Credit: Bryan William Jones and Robert E. Marc, University of Utah
The eye is a complex marvel of nature. In fact, there are some 70 to 80 kinds of cells in the mammalian retina. This image beautifully illuminates the eye’s complexity, on a cellular level—showing how these cells are arranged and wired together to facilitate sight.
“Reading” the image from left to right, we first find the muscle cells, in peach, that move the eye in its socket. The green layer, next, is the sclera—the white part of the eye. The spongy-looking layers that follow provide blood to the retina. The thin layer of yellow is the retinal pigment epithelium. The photoreceptors, in shades of pink, detect photons and transmit the information to the next layer down: the bipolar and horizontal cells (purple). From the bipolar cells, information flows to the amacrine and ganglion cells (blue, green, and turquoise) and then out of the retina via the optic nerve (the white plume that seems to billow out across the upper-right side of the eye), which transmits data to the brain for processing.
As many as one in five U.S. teenagers experience an episode of major depression by the time they turn 18. Sadly, depression among teens often goes unrecognized, increasing the risk of suicide, substance abuse, and many other problems. Even among those who are diagnosed, few receive proper treatment. But now there’s a ray of hope from a new NIH-funded study that’s found success using a team approach that pairs depressed teens and their parents with a counselor .
Faced with a shortage of psychiatrists who specialize in child mental health, a multidisciplinary team from the Seattle Children’s Research Institute, University of Washington School of Medicine, and Group Health in Seattle decided to use a strategy called “collaborative care” to treat depressed teenagers. There are more than 70 clinical trials showing that team-based care approaches work well for adults with depression, but there were only two such previous studies in teens—and results were mixed.
Up next in our scientific film fest is an original music video, straight from the Big Apple. Created by researchers at The Rockefeller University, this song-and-dance routine provides an entertaining—and informative—look at how blood clots form, their role in causing heart attacks, and what approaches are being tried to break up these clots.
Before (or after!) you hit “play,” it might help to take a few moments to review the scientists’ description of their efforts: the key to saving the lives of heart attack victims lies in the molecules that control how blood vessels become clogged. This molecular biomedicine music video explains how ischemic injury can be prevented shortly after heart attack symptoms begin: clot blocking. The science is the collaborative work of Dr. Barry Coller of Rockefeller, Dr. Craig Thomas and his colleagues at the National Center for Advancing Translational Sciences (NCATS), and Dr. Marta Filizola and her Mount Sinai colleagues.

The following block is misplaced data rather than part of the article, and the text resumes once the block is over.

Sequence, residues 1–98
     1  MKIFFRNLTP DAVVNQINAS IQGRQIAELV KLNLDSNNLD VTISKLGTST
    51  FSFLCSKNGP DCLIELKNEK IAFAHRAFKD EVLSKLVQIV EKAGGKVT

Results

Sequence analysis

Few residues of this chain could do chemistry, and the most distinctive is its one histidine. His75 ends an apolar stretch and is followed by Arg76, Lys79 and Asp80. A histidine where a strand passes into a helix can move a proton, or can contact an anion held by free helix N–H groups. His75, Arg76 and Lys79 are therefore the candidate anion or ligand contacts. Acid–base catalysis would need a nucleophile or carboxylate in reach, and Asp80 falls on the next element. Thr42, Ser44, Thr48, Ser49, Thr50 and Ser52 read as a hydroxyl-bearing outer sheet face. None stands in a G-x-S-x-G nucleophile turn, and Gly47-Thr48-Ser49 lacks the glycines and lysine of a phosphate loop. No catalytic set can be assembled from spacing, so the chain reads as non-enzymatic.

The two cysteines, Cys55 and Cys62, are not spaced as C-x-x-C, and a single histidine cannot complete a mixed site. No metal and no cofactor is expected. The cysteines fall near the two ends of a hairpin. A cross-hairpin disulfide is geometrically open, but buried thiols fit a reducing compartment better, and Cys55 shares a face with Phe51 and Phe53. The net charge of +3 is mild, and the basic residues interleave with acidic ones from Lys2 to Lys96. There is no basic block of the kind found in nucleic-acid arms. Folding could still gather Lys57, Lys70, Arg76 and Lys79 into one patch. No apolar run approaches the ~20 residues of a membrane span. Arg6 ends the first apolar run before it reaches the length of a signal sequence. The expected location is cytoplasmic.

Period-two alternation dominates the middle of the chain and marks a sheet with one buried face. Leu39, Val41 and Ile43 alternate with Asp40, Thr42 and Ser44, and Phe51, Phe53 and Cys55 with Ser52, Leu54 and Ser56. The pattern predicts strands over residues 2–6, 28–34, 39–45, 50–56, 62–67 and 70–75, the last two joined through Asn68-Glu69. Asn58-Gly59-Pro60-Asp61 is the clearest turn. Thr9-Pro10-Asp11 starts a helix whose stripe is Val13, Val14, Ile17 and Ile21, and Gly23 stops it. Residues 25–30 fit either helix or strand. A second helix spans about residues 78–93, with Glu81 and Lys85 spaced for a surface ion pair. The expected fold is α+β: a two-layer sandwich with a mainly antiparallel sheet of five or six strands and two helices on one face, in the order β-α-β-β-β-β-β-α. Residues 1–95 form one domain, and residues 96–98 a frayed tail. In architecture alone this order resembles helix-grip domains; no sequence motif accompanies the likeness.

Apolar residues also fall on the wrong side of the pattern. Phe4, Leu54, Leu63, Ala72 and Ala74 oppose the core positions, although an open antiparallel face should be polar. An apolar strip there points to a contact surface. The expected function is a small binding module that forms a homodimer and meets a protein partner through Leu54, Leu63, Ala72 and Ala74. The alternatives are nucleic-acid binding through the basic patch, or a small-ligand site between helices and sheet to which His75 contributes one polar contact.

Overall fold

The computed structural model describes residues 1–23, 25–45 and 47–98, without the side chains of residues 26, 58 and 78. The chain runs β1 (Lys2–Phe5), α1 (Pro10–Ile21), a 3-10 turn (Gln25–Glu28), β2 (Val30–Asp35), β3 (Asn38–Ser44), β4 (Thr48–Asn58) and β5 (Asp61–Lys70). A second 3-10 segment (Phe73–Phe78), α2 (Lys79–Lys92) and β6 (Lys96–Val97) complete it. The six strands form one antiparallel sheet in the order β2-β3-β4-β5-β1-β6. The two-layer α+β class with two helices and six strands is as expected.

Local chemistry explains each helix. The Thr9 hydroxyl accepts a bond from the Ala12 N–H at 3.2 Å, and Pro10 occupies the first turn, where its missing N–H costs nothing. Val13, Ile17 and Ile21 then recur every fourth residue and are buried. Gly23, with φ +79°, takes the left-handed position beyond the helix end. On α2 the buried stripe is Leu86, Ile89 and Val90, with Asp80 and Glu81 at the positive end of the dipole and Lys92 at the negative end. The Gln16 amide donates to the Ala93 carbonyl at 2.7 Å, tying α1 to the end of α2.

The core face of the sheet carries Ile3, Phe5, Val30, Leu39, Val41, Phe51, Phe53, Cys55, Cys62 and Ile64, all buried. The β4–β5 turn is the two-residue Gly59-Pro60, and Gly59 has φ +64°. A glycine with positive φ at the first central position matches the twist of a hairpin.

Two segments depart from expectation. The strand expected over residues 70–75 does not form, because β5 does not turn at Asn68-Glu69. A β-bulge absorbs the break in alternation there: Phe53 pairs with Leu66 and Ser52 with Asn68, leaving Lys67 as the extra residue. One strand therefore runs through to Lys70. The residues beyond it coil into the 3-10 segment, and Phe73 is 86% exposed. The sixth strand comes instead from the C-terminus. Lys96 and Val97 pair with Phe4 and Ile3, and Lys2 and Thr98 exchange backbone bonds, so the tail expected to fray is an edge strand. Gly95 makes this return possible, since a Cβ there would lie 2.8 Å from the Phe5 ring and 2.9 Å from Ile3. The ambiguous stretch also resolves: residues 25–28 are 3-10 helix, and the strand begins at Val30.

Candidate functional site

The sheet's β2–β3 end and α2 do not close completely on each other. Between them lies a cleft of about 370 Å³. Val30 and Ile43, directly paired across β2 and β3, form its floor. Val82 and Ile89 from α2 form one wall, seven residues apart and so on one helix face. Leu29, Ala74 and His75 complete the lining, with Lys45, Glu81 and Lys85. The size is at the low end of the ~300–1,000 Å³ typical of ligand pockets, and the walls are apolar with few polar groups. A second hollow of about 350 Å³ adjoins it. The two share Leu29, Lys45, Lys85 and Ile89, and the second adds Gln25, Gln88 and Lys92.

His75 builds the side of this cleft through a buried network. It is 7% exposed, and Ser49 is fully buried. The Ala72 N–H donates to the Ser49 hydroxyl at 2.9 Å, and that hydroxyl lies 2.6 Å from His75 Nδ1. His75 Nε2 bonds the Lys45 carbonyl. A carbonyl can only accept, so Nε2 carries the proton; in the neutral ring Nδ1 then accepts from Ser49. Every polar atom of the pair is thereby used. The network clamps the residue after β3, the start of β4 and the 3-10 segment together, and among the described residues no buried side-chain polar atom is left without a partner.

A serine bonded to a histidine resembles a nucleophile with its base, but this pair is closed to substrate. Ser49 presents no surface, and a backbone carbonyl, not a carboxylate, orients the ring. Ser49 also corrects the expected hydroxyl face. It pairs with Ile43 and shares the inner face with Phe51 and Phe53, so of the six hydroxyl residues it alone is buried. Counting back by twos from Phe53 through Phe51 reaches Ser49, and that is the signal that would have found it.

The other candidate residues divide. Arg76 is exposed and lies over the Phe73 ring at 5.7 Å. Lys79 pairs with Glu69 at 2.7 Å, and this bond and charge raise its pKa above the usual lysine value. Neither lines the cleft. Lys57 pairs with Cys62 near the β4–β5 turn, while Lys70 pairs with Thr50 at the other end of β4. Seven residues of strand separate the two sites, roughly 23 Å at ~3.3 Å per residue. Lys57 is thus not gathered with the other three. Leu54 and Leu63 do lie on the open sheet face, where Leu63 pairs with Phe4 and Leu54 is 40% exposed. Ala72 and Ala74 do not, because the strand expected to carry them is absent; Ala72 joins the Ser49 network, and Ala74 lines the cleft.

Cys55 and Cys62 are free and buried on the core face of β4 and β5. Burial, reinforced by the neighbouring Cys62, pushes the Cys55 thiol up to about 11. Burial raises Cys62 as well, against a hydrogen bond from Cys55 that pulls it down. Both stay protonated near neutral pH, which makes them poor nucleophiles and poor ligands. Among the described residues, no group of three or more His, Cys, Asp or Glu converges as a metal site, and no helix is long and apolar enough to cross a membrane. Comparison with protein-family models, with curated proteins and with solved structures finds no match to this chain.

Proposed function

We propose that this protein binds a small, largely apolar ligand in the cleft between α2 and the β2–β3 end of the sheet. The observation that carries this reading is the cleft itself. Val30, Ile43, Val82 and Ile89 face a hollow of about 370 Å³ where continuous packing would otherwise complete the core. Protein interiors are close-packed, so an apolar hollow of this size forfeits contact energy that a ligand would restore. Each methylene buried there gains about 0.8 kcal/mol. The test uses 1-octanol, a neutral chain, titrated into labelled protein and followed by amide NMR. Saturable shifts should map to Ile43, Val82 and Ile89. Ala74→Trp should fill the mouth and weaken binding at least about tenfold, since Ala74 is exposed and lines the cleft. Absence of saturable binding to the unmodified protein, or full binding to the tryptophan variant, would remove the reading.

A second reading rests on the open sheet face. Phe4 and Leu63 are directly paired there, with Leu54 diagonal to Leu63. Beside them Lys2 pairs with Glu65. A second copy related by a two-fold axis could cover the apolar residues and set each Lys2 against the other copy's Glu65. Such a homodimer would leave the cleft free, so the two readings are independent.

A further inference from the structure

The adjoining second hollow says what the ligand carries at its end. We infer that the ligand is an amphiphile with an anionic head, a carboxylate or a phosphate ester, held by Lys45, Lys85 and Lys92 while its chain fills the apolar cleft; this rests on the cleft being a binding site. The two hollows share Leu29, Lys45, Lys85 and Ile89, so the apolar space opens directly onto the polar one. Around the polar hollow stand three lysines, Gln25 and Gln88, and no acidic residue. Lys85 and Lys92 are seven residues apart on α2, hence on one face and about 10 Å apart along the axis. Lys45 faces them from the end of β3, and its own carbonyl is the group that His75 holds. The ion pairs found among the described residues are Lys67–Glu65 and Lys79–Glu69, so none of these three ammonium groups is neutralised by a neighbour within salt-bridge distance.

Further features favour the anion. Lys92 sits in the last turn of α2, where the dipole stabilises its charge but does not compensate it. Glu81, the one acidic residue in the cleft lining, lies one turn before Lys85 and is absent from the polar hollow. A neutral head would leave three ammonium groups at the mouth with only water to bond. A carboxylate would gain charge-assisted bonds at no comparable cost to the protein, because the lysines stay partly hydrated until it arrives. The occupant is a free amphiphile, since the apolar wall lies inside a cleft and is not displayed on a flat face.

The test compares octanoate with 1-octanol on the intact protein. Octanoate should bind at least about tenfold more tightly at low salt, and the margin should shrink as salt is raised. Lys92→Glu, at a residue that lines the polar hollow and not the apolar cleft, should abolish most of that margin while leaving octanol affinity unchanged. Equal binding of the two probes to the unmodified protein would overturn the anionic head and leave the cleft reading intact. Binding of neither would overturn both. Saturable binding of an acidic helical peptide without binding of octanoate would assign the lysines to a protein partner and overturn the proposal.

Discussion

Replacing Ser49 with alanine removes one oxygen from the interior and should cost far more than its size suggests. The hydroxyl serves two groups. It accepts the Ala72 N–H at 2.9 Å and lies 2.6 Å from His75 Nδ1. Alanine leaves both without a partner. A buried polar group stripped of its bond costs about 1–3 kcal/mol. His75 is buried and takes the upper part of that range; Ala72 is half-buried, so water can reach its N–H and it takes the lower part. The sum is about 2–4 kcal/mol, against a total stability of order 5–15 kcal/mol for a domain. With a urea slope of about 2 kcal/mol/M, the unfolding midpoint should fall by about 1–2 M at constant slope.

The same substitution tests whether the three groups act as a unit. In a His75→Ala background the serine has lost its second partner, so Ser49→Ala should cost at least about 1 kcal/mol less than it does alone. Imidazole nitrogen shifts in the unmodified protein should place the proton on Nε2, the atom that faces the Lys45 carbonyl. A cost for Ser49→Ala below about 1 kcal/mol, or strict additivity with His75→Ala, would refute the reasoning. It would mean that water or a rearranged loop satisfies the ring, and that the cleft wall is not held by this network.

Caption: Colorized scanning electron micrograph of filamentous Ebola virus particles (blue) budding from a chronically infected VERO E6 cell (yellow-green). Credit: National Institute of Allergy and Infectious Diseases, NIH
Long before the current outbreak of Ebola Virus Disease (EVD) began in West Africa, NIH-funded scientists had begun collaborating with labs in Sierra Leone and Nigeria to analyze the genomes and develop diagnostic tests for the virus that caused Lassa fever, a deadly hemorrhagic disease related to EVD. But when the outbreak struck in February 2014, an international team led by NIH Director’s New Innovator Awardee Pardis Sabeti quickly switched gears to focus on Ebola.
In a study just out in the journal Science , this fast-acting team reported that it has sequenced the complete genetic blueprints, or genomes, of 99 Ebola virus samples obtained from 78 patients in Sierra Leone. This new genomic data has revealed clues about the origin and evolution of the Ebola virus, as well as provided insights that may aid in the development of better diagnostics and inform efforts to devise effective therapies and vaccines.
As you may know from recent news reports, there have been lapses in safety practices at federal laboratories involving potentially lethal microbes such as avian flu (H5N1) and anthrax, including an incident involving discovery of 60-year old smallpox vials in an FDA laboratory building located on the National Institutes of Health (NIH) campus in Bethesda, MD. Such lapses, which undermine public confidence in biomedical research and could put people’s health at risk, remind us of the need for constant attention to biosafety standards.
Scientists can never become complacent in routine safety practices—one mistake could have serious repercussions. Consequently, we at NIH are taking remedial action and precautionary steps to improve our lab safety protocols and procedures, minimize the risk of recurrence, and increase timely reporting of potential problems.